SUPERNATURAL meets the Fonz (with skis)

Fonzie_jumps_the_shark[4]3 In the middle of fourth season, CW‘s enduring Supernatural had a daring episode that they titled “Jump the Shark”, dallying with a series-ruining concept but conveniently avoiding the idiom’s teeth. It actually worked… until sadly, the last episode of fifth season – originally slated to be the series’ finale – decided to try on Fonzie’s awkward swim trunks (not familiar with the “shark” term? Click here for enlightenment). From its anti-climactic rendering of the apocalypse to its pathetic representation of “God”, Supernatural‘s finale failed on almost every level, leaving me confused – should I be happy they decided on another season, giving time to rise above this limp swan song, or did the extension of the series actually cause the weak sauce? Either way, their version of “God” was as tired and eye-rolling as Alanis Morissette in Dogma.

As mentioned in our previous post, Supernatural had been dealing with an escalating, fascinating look at biblical components of demons, angels, apocalypse and God. Sadly, the culmination was anything but awe-inspiring.

Top 3 Reasons the Supernatural season finale fell short:1040323_0be1c6f7-f376-4604-8234-91ba201ccb2c-88

1. When Lucifer leaves his “weaker vessel” to inhabit Sam, the reverse happened; from an acting standpoint Mark Pelligrino was a stronger Lucifer than Jared Padalecki, so the devil lost his verve. The Ginormitron can play a competent bad boy, but Satan? Al Pacino he ain’t.

2. There was a fascinating symmetry between the two angel “brothers” – older Michael, younger Lucifer – and the two Winchester brothers (in regard to their dutiful/rebellious relationships with their father). This intriguing meta-commentary on brothers, sons and fathers, was evident but not capitalized on. If the apocalypse was going to be an anticlimactic, therapeutic chick flick moment, it could have been accomplished far better. In fact, having God show up – perhaps as actor Jeffry Dean Morgan, who played the Winchester boys’ late father in the show – could have punctuated the personal relationship of the brothers as a microcosm of life’s biggest struggle for meaning, identity, relationship and love with our Father in heaven.

1040323_e041d6ce-b797-4d0a-bfba-c9cf59a189ca-31-endings3. Lastly, the (Spoiler Alert) revelation that hack writer/prophet Chuck is God incarnate was just sad. The gimpy, Joan Osborne “what if God was one of us” wishy-washy bus-riding god concept played itself out in the 90s; it’s a tired pop culture cliche that seems cheap, beneath the solid and increasingly interesting work series creator Eric Kripke gave us the last two seasons. It feels sloppy considering the episodes featuring the character before. I had no doubt Kripke’s representation of God would fall short of the real deal (hence prepared to give a lot of grace) but this was cheap storytelling even compared against other diluted depictions of our Maker.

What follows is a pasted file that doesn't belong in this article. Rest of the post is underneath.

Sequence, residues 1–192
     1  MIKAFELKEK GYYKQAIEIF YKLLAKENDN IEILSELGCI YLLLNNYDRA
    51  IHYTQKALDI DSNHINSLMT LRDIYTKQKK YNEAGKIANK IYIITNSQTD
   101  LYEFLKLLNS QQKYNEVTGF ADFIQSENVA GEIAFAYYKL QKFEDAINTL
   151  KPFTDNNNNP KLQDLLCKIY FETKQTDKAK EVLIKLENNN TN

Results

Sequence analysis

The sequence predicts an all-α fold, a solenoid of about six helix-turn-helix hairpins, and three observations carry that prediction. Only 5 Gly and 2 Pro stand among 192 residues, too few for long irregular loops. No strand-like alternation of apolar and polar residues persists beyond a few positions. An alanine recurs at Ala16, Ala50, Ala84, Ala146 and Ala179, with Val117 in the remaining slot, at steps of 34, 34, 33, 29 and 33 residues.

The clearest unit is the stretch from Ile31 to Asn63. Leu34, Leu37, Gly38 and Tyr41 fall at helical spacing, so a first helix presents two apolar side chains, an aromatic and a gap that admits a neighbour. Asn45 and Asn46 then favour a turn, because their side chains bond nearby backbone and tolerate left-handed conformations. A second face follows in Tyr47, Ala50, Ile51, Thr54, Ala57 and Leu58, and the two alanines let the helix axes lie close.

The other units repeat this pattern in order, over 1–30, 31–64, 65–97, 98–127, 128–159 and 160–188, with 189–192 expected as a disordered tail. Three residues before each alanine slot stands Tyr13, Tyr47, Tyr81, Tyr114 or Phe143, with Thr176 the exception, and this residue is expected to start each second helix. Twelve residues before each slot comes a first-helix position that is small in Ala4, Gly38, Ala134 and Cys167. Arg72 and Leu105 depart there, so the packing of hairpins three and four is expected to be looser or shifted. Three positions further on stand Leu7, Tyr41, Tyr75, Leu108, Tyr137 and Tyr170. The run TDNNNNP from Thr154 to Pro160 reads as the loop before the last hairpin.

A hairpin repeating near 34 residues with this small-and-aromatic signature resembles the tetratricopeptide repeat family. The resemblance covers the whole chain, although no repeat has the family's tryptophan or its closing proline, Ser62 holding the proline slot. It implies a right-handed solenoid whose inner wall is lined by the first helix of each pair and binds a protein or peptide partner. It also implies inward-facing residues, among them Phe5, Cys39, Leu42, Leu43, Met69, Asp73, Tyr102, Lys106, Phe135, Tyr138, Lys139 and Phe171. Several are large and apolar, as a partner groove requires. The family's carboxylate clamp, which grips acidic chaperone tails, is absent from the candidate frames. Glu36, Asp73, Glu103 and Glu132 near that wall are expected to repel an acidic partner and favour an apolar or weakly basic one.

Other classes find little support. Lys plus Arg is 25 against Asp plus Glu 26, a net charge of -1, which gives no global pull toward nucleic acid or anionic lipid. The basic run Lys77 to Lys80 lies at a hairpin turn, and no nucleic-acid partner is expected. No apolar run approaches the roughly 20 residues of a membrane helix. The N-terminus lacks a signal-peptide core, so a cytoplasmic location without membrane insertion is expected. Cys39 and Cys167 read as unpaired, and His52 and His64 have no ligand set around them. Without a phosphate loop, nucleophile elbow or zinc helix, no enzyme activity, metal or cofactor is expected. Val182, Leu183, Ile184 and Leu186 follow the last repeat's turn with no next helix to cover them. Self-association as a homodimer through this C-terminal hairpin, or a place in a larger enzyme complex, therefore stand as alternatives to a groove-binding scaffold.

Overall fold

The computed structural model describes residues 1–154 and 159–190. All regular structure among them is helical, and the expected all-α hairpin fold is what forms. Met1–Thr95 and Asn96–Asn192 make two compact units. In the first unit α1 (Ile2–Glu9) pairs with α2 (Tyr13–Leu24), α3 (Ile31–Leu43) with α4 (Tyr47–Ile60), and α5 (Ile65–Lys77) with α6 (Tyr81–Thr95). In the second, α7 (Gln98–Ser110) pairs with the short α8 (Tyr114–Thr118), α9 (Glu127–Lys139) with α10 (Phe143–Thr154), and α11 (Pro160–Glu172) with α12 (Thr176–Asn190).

The episode begins with Chuck narrating that “endings are hard… fans are always gonna bitch, there’s always going to be holes, and since it’s the ending its all supposed to add up to something…” as if the show is trying to set up a defense for any dissatisfaction with the ending. It doesn’t hold water, because the apocalypse winds up boiling down to a couple people arguing in a cemetery and then falling in a hole. (Author Kurt Vonnegut once claimed that all stories boil down to one plot – “man in a hole” – but he was being facetious.)

1040323_b80e12b2-0e75-4f1b-bc01-edc48f24a842-mainAlso, since this isn’t the end of a series, but rather the end of a season, all you have to do is compare it with the other season endings; endings may be hard, Kripke, but the previous four were all better than this one. Even the teeth this “Swan Song” DID have – the death of beloved characters – are pulled minutes later when they’re brought back to life. Death has no sting, God has a muddled plan, and the best message we can pull is a vague notion that “family is important” which has literally been driven home (in an Impala) over five years of Supernatural television with more weight and worth.

I suspect a goodly portion of the ending’s weakness comes from the fact that Kripke and the actors caved to pressure and let CW milk the franchise for an additional season; I can’t help but wonder how “Swan Song” would have played if it were the show’s true finale. Still, the very reason I suspect it fell apart gives Supernatural’s crew space to salvage the series and give it a satisfactory sendoff. Hopefully the show will resurrect to its former glory, instead of meandering for another year like a zombie shadow of its previous self. Carry on, My Wayward Son has never been more poignant. Or necessary.

  1. stefy

    Great review, I totally agree. This finale was very disappointing, and the fact that Dean, a main character like Sam, had no importance and no role is proven by the fact that you haven’t mentioned in you review cause, really, there wasn’t nothing to comment about Dean, what a waste of time (and sorry for my English, it’s not my first language :))

  2. Carrie

    Thank you for this review. It truly was a lame season finale!

    I don`t want to be bearer of gossip, but there are rumors that one of the main actors had a “breakdown” causing Kripke to come to his “aid”. There are also rumors that this caused changes in how especially episode 100 turned out, and possibly the last episodes after that. Can anyone confirm this???

  3. Kady

    THIS. Everything about the archangel smackdown failed because it wasn’t Dean saying the words back to Sam and vice versa. And everything about the resolution failed because it erased 95% of the season 5 mytharc. IMO, this finale was an epic fail that makes season 4 a waste of time (and money for those of us who bought the DVDs) and ensured that the show’s worst season ever (whither pacing and continuity?) went out with a whimper. I hope Sera Gamble takes note because I predict an exodus of viewers if she doesn’t fix this within the first three episodes of season 7.